Last year, three Singaporean men were arrested at the Thaipusam procession for various offences after they clashed with policemen who stopped them playing traditional Indian drums.

Some analysts believe the Government's 50 years of tight policing of the OB markers of race and religion has left a new generation unaccustomed to - or unaware of - the balancing act required in a society with diverse races and religions.

The Government sees itself as adjudicator over competing forces and protector of the common space. But its central position has also bred an ignorance among the groups themselves of the snowballing effect that could ensue if their demands were granted.

Some believe the recent string of arrests and charges for promoting racial ill-will has also revealed that sensitivity to other groups is no more than skin-deep among Singaporeans.

But the invoking of harsh laws against thoughtless, off-hand comments in itself preserves a superficial state of affairs, some say.

"(There is) the unintended effect of limiting frank exchange for fear of provoking a violent reaction or being prosecuted. People avoid asking difficult questions and having a dialogue for fear of being branded racist or, worse still, starting a racial riot," said Institute of Policy Studies researcher Mathew Mathews.

Then there is a third force in the form of the steady stream of foreigners and immigrants coming to live and work in Singapore, bringing with them new customs and cultures. One of the 16 individuals investigated in the past 10 years under laws forbidding the promotion of racial ill-will was a Filipino nurse, Ello Ed Mundsel Bello, who faced charges over his anti-Singaporean comments on Facebook.

From 2006 to 2010, a foreign influx boosted the population by one million, giving rise to a sense of disorientation among locals and contributing to an electoral setback in the 2011 General Election for the ruling People's Action Party.

The pace of foreign inflow has been calibrated by the Government since 2010, and has dropped from 80,000 a year in 2011 to 20,000 last year. But the foreign contingent in Singapore is still the largest it has ever been.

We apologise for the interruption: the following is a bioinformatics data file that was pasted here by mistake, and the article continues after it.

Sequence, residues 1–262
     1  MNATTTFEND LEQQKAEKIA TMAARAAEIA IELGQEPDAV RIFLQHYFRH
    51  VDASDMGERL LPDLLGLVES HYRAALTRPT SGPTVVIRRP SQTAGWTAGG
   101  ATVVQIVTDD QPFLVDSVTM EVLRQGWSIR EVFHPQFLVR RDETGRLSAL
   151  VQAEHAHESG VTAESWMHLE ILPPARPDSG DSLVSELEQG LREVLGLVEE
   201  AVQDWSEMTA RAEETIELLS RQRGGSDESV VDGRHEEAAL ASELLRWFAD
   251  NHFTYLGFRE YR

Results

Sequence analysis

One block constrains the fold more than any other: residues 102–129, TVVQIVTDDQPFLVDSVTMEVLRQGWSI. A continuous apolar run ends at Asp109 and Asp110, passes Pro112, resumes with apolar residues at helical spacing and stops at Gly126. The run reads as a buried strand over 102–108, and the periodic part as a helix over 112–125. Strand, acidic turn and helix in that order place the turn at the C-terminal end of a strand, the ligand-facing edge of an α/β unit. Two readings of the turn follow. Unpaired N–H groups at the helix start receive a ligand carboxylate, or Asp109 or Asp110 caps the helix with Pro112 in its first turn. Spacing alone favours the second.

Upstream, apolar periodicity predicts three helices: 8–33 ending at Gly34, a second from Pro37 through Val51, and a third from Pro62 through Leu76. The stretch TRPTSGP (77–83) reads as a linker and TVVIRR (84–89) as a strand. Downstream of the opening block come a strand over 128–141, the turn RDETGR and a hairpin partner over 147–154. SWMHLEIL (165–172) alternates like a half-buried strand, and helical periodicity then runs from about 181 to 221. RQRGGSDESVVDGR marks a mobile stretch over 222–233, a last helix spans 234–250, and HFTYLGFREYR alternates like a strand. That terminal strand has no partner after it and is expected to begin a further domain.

In 2013, the nation was stunned by a riot in Little India where mobs of foreign workers set police cars and emergency vehicles ablaze. The shocking scene brought to mind, for some older Singaporeans, the racial riots of 1964 and 1969 in which 40 people died. But the riot did not cause any deaths and calm was restored within an hour. The catalyst for it was the death of an Indian worker at the wheel of a bus. But the authorities said alcohol intoxication played a big role.

Observers added that the different cultural framework of workers from India and Bangladesh - including a traditionally antagonistic relationship with law enforcement - contributed to the escalation of the incident.

A wide-ranging law forbidding public drinking after 10.30pm across the island, and also in the day on weekends in Little India and Geylang, was passed by Parliament in March. The law had its detractors, especially among younger Singaporeans who saw it as a draconian response that would dampen the vibrancy of the city's nightlife.

Such backlash, tension and debate are now de rigueur in Singapore's public sphere, and will continue to be on issues of race, religion and culture.

For it is the growing diversity of views and beliefs among Singaporeans that is the ultimate source of pressure on the Government's current approach.

The once near-unanimous belief in legislated multiracialism has given way to competing views over whether the Government is doing too much, too little, or not the right things at all. But Singapore approaches this state of flux from a position of strength.

After all, debates over multiracialism and multi-culturalism are global ones, with many countries confronting far more urgent and violent situations.

The fundamentals of Singapore's multiracial project - not just equal treatment for all groups, but an equal responsibility placed on all groups to compromise, adjust, accept and tolerate - remain strong.

This steadfastness is not an innate one, but must be continually re-examined and nurtured by each new generation.

As former ambassador to the United States Chan Heng Chee wrote earlier this year, integration is "not a condition one can take for granted".

"It is not as if a society can cross the bar to become an integrated society, and then that integration cannot be undone or frayed," she said.

A harmonious multiracial and multi-cultural society took 50 years to build, but its rending could take far less time.

rchang@sph.com.sg


This article was first published on May 11, 2015.